Would having kids dictate my choice of Nationality?
by missP on Tue Jan 31, 2006 3:38 am
“You are my 11 am, right?” The lady inside the room asked me when just when I entered the small office at 10 past eleven. The office was an old building in the middle of the town proper. I was summoned with a letter to report for my permanent settlement visa. Not that I didn’t have one. Here in Germany, as a foreigner married to a local, the spouse is entitled to a one to three year visa. Only after this time, can the spouse apply for the settlement visa. But one has to take care to apply for the permanent settlement visa during the last year that the current visa is valid. The reason being: it takes them several months to process the issuance of the permanent one.

“Yes, I am. I am sorry for being late.” I said, as I gave a weak smile. She didn’t say anything. Well, what did I expect? That she shakes her head, taps me in the shoulders and while looking straight into my eyes she would say: “that’s fine” and “no problem and let's get-down-to business?” This is just not how it is here. People have to be on time. A colleague told me once, that there are some doctors here who charge you when you try to cancel an appointment at the last minute. I find that weird. But then again, if I was on their shoes, I would probably also think, that I am a very insensitive client. So, it actually depends on which shoes you are in, I guess.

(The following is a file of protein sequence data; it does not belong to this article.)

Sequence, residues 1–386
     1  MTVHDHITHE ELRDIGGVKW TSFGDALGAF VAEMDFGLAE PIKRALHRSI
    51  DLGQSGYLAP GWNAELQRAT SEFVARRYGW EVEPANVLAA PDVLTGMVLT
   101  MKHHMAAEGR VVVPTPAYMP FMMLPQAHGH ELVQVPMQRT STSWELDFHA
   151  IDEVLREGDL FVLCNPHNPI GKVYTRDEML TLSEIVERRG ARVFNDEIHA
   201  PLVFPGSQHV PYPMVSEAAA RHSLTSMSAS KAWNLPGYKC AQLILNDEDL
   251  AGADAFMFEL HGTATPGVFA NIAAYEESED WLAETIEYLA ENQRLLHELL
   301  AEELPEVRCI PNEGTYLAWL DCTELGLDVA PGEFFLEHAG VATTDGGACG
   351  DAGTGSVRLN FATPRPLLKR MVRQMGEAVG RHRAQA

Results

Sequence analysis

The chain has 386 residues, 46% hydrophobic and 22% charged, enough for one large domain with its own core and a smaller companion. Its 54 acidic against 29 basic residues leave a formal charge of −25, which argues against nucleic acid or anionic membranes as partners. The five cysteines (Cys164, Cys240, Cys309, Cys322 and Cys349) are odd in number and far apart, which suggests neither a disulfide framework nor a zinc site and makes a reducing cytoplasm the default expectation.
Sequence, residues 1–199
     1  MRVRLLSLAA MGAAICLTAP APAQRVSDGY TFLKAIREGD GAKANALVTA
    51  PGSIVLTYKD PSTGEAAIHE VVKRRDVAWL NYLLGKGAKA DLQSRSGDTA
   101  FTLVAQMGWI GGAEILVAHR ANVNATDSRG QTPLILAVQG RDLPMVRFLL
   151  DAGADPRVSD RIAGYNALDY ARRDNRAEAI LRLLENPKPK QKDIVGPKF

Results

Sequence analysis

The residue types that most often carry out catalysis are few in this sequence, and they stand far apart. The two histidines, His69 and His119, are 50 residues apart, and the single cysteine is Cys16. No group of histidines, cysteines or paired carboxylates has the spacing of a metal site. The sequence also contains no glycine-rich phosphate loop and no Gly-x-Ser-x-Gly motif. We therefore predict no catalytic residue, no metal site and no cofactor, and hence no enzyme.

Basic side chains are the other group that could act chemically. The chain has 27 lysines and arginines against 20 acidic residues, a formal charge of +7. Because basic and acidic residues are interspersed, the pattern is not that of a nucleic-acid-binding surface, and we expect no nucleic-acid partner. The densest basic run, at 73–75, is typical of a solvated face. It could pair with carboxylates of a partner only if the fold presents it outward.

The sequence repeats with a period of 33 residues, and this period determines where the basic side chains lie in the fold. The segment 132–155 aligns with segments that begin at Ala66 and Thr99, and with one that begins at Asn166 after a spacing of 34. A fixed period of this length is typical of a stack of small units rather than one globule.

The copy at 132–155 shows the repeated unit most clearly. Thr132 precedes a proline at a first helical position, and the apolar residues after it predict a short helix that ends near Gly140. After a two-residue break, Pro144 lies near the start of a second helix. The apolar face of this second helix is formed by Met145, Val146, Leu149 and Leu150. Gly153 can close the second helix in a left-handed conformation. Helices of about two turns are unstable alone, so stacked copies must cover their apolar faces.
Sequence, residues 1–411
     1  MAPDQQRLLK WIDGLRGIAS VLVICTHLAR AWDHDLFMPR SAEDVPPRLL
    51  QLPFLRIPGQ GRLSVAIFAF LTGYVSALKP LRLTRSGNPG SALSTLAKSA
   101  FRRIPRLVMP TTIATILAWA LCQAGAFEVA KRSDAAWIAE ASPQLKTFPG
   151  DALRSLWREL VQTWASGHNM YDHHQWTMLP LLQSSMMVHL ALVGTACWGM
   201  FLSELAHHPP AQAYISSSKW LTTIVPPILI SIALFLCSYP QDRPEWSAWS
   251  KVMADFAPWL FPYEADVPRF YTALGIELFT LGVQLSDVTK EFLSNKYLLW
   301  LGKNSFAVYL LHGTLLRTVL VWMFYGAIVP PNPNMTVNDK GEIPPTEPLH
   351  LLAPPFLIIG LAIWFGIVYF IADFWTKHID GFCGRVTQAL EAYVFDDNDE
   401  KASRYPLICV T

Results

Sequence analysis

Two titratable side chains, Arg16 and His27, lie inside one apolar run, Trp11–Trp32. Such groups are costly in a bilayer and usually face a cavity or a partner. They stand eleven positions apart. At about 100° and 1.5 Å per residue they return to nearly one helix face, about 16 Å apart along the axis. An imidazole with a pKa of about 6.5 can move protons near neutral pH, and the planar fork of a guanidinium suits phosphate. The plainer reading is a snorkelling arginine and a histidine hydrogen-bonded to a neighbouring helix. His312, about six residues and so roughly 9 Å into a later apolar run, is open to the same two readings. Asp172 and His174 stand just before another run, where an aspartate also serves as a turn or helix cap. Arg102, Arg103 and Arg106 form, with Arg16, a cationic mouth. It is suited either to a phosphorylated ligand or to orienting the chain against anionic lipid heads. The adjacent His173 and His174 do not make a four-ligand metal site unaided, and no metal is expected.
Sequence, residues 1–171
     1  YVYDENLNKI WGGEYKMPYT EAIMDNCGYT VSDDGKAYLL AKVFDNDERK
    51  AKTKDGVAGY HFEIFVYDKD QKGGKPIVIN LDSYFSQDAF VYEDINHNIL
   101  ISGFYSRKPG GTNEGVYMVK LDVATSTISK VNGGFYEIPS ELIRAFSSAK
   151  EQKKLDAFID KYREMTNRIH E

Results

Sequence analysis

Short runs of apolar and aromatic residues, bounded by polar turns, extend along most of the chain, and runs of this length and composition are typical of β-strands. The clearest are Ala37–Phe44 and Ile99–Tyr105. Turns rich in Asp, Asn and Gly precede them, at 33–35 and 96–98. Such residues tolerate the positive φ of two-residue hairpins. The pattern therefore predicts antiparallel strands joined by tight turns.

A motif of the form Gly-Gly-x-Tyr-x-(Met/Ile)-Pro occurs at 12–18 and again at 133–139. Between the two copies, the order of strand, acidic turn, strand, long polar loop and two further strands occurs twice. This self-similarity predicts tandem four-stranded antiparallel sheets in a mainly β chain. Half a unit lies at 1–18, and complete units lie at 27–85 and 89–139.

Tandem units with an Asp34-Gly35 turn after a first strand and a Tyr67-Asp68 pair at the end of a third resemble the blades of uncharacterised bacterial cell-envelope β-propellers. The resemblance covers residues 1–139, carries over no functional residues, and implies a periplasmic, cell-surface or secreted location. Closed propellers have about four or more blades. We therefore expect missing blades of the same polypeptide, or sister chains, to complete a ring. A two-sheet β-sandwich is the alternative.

In my case though, I am the client. I am also the taxpayer. If I am late to an appointment simply because I have to go and earn a living so that the government employees can get their salary and the old folks, their pension, then the latter has to be sympathetic to me. I am being Humbug here? Being arrogant perhaps? Okay, okay, I'm just bitching around. I was the one late for an appointment. And I digress.

“So, I need your passport photo.” The lady said to me, without adding the magic word. Of course not, I am the one who seems to be in need of a favor. I showed her several ones and asked her which one she would be happy with. To which, she replied, “I don’t care. I just need one.”

I finally chose something which looked like it was taken yesterday and not last year. Gave it to her, together with my passport and she then told me to wait outside briskly. As I was waiting, hubby came in from parking the car. He asked what I was doing outside because he thought I had an appointment that I should not be cueing up. But, as I have mentioned, I am the one that they are giving a favor. On top of that I am the foreigner here.

There was no reason to fuss though. Within 5 minutes, the lady came out of the room. She was holding my passport on her right hand, opened at the page where the visa was attached. She congratulated me for getting the visa and smiled. Well, I was a bit surprised. I thought at first that this lady was some sort of a robot and doesn’t or is not capable of giving a smile to their guests. I said my gratitude and slowly stood up to leave. Hubby asked where the ID was. In Belgium, I was not only given a Visa but I also got my 5 year yellow ID card. This way, I didn’t have to carry my passport with me all the time. And this I didn’t have to wait for 3 years to obtain it.

The lady said that because I am not applying for the German Nationality, I don’t get an ID but just a permanent settlement visa that is valid forever…or at least as long as I choose to stay in Germany.